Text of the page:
The first line moves the head to 25mm above the Z-origin, to clear the tool service. Obviously, if your particular job or situation means that 25mm won't be high enough, increase it to a sufficient height so the bit will clear any obstructions as the CNC moves it in the X/Y dimensions.

The second line moves the bit to the starting point (0,0).

Then change the bit out to the new bit, and follow the instructions to zero register the bit, given in "Install The Dremel Bit, Then Zero Register The Bit", below.

Speed, Feed and Stepover

The following three concepts will be described in more detail below:

  • Speed is the RPMS (revolutions per minute) that the dremel bit spins.
  • Feed is the speed that the CNC moves the dremel around.
  • Stepover is how far you move the bit over for successive cuts, e.g. stepover determines overlap.

TODO: Need some good example speed, feed and stepover values based on experience so far.


Note: The CNC's spindle is a dremel tool. Specifically a Dremel Rotary Saw, which has been discontinued by Dremel and should not to be confused with the newer, 90 degree Dremel Saw Max.

Speed should be adjusted for the material you're cutting and the size of the bit you're using.

For smaller bits, use higher speeds.

For larger bits, use lower speeds.


The HackPGH CNC feed is measured in millimeters per minute (mm/min).

For example, 60 mm/min means move 1 millimeter per second.

600 mm/min means move 10 millimeters per second.

The viable feed rate for horizontal movement is almost always going to be different that the viable feed rate for vertical movement.


Stepover is the distance between the center of one cut and the center of the next cut. Think of overlap when mowing the lawn.

A general rule of thumb for hard woods and softer is about an 80% overlap.

For example, if you are cutting with a 12.7mm (1/2") mill, your step over should be about 80% of 12.7mm, or 10m (12.7 times 80% = 10.16).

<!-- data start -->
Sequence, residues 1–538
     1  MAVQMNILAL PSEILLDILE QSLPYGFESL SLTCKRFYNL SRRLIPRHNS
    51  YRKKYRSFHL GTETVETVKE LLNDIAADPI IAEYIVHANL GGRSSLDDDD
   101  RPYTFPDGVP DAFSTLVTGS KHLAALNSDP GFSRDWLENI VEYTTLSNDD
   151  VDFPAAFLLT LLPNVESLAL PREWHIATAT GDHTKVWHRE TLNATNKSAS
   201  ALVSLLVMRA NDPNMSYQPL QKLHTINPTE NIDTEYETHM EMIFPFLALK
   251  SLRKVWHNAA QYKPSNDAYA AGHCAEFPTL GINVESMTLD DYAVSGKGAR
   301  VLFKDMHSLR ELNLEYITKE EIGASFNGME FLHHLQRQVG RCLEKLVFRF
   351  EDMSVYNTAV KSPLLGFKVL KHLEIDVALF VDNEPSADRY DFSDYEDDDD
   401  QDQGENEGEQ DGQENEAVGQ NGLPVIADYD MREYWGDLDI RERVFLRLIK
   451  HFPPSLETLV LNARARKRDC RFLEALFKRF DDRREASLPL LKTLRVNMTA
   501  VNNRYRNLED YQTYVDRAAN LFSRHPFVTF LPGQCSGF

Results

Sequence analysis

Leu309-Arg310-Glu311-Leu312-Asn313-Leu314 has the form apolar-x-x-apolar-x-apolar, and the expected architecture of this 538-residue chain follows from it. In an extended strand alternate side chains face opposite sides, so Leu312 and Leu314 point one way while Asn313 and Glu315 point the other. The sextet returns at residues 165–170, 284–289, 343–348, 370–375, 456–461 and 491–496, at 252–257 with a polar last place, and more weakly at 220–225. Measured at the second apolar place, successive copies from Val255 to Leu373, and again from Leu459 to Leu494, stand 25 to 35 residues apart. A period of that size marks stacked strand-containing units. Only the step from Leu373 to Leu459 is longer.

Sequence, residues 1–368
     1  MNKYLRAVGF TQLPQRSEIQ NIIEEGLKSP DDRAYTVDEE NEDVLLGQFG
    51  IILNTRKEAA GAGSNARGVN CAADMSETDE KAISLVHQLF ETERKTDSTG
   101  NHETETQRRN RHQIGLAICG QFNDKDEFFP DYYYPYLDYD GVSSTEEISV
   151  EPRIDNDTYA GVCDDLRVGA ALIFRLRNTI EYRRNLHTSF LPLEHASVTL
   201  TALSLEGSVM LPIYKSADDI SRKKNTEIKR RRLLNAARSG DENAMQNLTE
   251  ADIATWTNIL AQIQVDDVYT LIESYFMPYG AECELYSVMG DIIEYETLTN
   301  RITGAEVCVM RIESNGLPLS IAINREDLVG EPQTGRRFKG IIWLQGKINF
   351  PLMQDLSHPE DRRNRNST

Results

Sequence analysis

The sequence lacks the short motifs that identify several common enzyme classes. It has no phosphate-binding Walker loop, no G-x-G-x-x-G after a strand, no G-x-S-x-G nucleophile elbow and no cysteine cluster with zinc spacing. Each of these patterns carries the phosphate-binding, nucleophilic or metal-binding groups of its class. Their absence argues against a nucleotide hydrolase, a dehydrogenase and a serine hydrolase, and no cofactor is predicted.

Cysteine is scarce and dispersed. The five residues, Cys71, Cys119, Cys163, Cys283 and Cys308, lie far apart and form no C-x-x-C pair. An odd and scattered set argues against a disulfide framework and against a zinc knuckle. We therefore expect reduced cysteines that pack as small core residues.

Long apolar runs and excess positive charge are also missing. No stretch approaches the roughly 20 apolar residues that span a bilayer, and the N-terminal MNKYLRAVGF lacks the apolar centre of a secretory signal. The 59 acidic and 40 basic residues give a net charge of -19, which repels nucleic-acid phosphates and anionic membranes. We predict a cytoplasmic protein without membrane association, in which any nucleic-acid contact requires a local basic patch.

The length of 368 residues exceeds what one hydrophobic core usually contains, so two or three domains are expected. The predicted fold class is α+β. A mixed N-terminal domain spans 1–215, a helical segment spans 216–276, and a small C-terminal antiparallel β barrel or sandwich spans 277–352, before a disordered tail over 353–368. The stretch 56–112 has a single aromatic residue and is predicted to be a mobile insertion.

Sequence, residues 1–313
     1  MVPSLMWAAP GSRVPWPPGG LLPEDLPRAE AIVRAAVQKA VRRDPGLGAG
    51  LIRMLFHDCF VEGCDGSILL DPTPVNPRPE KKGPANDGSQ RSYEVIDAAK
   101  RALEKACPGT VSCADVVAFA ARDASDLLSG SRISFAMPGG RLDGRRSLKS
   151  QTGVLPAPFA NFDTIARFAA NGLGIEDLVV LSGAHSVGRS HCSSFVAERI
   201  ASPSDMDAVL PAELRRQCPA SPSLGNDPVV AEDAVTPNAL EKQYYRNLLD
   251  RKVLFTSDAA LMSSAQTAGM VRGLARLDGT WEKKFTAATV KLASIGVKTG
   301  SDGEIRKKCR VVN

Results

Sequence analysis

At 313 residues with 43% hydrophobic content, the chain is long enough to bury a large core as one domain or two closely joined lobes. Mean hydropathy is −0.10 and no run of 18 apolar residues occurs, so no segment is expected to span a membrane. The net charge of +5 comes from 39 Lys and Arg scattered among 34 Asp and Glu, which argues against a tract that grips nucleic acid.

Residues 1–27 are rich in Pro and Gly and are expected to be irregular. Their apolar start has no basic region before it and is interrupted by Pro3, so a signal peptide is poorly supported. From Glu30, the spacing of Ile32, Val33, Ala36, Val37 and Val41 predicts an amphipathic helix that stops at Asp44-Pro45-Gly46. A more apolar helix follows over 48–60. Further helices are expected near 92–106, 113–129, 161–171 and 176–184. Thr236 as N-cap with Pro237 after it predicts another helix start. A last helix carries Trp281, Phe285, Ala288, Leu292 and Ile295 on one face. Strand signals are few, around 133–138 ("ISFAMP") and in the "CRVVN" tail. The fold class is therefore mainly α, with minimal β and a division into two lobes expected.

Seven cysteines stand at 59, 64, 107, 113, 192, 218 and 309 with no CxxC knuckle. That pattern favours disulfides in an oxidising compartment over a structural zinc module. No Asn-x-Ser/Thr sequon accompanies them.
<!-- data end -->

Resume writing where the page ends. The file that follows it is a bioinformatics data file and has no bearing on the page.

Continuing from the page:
Bear in mind that your initial plunge cut will be encountering material for the full width of the head. Adjust the feed and speed appropriately.

Dremel Bits

There are a number of bits available for use, many of them donated by Bob. More such donations are always appreciated. It might a good idea to invest in an appropriate bit, especially if you're going to be doing a lot of cutting, so you'll have a nice, sharp bit to work with.

Use the shortest bit that will do the job. Shorter bits flex less, so they are preferable when your design allows.

TODO: Add details on bit types, bit sources, recommended bits.


You actually use the CNC by using a program named Universal GCode Sender (UGS), which runs on the desktop computer adjacent to the CNC, to send your GCode file to a program named GRBL, which runs on the computer built into the actual CNC.

Run Unversal GCode Sender

UGS is a free, open-source program, written in Java.

Note: The program on the workstation is a JAR file. This note is mainly of interest to programmers.

You run UGS the same as any other program, by double-clicking on it.

UGS Serial Port Bug

UGS has a bug, it sometimes can't open the serial port. When that happens, it will pop up an error message.

Try restarting the program first.

If that fails, reboot the machine.

Note: We should try out this tip from

Note for MAC users: For version 1.0.8 and earlier you may need to create a "/var/lock" directory on OSX to fix a bug in the serial library. To do this open the Terminal application and run the following two commands: